Tax rates re­worked for bailout

Higher tax­a­tion fore­seen for farm­ers, rental in­comes, heat­ing oil as part of new in­ter­na­tional agree­ment

Kathimerini English - - Front Page -

The new tax bill that forms part of Greece’s third bailout is due to be an­nounced by the Min­istry of Fi­nance in Oc­to­ber. The new mea­sures, which Deputy Fi­nance Min­is­ter Try­fon Alex­i­adis is charged with in­tro­duc­ing, an­tic­i­pate among oth­ers higher tax rates for in­come from prop­erty rental as well as an in­crease in farm­ers’ tax rates. Un­til now, farm­ers have en­joyed a par­tic­u­larly priv­i­leged tax sta­tus com­pared to other pro­fes­sions, in sev­eral cases avoid­ing tax al­to­gether due to ex­ist­ing ex­emp­tions.

For farm­ers, the in­come tax rate will in­crease steadily from 13 per­cent to 20 per­cent in 2016 and 26 per­cent in 2017. Tax con­tri­bu­tions by farm­ers have been com­par­a­tively low, par­tic­u­larly in the last few years. For ex­am­ple, a trader with an an­nual in­come of 10,000 eu­ros paid the state 4,030 eu­ros an­nu­ally in in­come tax. For the same amount earned, a farmer would pay 1,657.50 eu­ros in tax an­nu­ally.

Other tax in­creases ap­ply­ing to farm­ers in­clude the spe­cial con­sump­tion tax for trans­port fuel. From Oc­to­ber 1, this rate will rise from its cur­rent 0.066 eu­ros per liter to 0.200 eu­ros/liter. By Oc­to­ber 1, 2016, the rate will be 0.33 eu­ros/liter.

From Oc­to­ber 1, the an­nual tax on prop­erty rental in­come un­der 12,000 eu­ros will in­crease from 11 per­cent to 15 per­cent. For in­comes over 12,000 eu­ros per an­num, the tax will rise from 33 to 35 per­cent. That means a land­lord with a cur­rent an­nual rental in­come of 12,000 eu­ros pay­ing 1,320 eu­ros in tax to the state an­nu­ally will pay 1,800 eu­ros un­der the new rates. The tax paid on an an­nual rental in­come of 20,000 eu­ros will go from 3,960 to 4,600 eu­ros an­nu­ally.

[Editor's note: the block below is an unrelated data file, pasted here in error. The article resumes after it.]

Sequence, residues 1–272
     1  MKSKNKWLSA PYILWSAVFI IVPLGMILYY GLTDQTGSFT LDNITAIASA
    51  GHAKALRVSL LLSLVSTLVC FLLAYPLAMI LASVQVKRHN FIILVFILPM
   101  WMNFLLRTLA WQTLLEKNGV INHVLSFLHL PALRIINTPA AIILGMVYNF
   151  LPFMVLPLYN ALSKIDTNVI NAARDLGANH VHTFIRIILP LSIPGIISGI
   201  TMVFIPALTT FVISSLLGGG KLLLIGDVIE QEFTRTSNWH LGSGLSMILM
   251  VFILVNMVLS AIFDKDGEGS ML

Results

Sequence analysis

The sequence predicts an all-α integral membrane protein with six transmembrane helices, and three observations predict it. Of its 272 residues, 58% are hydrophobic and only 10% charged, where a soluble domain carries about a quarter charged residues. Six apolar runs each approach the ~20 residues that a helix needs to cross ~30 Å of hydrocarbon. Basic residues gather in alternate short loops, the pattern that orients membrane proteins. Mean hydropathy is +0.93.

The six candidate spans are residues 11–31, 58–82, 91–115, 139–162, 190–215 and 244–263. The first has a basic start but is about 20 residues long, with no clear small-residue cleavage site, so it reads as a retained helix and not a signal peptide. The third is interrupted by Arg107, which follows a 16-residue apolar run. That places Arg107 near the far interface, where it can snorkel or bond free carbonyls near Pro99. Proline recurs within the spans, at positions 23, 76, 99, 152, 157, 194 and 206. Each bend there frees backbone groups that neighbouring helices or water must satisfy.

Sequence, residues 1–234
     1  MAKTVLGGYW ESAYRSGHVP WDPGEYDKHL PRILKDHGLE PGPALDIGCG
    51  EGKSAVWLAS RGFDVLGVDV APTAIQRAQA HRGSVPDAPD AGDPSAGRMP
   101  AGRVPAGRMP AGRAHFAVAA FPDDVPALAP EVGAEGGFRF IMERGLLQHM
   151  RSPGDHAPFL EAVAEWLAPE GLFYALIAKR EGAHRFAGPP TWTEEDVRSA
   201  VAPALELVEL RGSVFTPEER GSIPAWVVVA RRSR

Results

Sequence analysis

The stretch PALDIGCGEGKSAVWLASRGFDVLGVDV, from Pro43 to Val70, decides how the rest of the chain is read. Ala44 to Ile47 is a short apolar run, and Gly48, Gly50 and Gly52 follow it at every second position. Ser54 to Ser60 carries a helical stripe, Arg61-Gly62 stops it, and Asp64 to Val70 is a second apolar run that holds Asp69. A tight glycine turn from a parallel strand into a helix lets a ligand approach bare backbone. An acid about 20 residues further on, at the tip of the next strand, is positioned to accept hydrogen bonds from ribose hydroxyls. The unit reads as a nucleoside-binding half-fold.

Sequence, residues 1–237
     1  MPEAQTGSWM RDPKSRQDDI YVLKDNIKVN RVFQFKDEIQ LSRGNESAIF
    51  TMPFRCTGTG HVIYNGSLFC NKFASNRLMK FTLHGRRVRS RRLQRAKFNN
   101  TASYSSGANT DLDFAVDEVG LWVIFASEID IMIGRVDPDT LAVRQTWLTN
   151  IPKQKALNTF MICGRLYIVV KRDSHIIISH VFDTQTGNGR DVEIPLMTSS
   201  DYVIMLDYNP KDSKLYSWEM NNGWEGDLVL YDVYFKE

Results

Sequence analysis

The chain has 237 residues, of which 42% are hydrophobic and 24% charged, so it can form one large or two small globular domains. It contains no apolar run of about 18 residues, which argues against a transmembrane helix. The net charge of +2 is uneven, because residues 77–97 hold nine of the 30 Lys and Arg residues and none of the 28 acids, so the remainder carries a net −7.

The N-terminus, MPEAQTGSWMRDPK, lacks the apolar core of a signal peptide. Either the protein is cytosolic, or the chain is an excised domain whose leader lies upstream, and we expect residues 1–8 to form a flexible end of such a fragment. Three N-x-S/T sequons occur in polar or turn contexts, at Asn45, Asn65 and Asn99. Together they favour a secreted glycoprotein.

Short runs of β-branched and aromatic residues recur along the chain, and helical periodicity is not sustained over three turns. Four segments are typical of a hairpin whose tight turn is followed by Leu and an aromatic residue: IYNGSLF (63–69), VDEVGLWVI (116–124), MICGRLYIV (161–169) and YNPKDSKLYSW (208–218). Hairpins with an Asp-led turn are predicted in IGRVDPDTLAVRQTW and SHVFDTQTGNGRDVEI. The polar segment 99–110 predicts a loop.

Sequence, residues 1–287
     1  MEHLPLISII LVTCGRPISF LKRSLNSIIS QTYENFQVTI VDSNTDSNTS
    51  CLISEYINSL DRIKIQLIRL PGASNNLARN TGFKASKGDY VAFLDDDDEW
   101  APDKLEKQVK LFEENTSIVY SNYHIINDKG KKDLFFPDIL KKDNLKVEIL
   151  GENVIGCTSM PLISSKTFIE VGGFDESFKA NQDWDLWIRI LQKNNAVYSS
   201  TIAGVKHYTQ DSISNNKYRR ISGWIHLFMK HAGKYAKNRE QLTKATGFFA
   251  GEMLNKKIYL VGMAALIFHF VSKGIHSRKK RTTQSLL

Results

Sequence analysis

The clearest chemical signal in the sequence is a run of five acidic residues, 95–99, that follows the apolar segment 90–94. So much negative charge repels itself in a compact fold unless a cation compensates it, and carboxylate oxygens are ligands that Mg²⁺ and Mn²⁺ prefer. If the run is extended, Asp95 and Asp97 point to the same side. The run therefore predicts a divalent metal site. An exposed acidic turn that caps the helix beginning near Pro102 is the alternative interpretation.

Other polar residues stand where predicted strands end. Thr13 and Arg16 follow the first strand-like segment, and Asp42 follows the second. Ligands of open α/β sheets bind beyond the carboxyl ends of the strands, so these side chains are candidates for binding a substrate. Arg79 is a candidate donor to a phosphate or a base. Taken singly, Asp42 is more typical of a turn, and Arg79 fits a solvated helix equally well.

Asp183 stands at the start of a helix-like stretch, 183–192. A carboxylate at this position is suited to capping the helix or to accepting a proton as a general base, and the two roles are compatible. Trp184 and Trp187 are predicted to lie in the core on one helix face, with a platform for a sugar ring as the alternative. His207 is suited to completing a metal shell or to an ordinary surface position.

Other mea­sures in­clude the stream­lin­ing of the heat­ing oil al­lowance. The aim is to re­duce the cost of this al­lowance by half in the 2016 bud­get.



The tax scale for in­her­i­tance and parental ben­e­fits is also up for re­design, as well as the re-ex­am­i­na­tion of the pro­vi­sions which gov­ern them.

The ENFIA prop­erty tax will be in­creased in or­der to com­pen­sate for tax short­falls due to re­duced prop­erty val­ues.

Cur­rent le­gal ob­sta­cles will also be lifted to al­low tax author­i­ties to ac­cess taxpayers’ busi­ness premises, in­clud­ing homes de­clared as com­mer­cial prop­erty.

Newspapers in English

Newspapers from Greece

© PressReader. All rights reserved.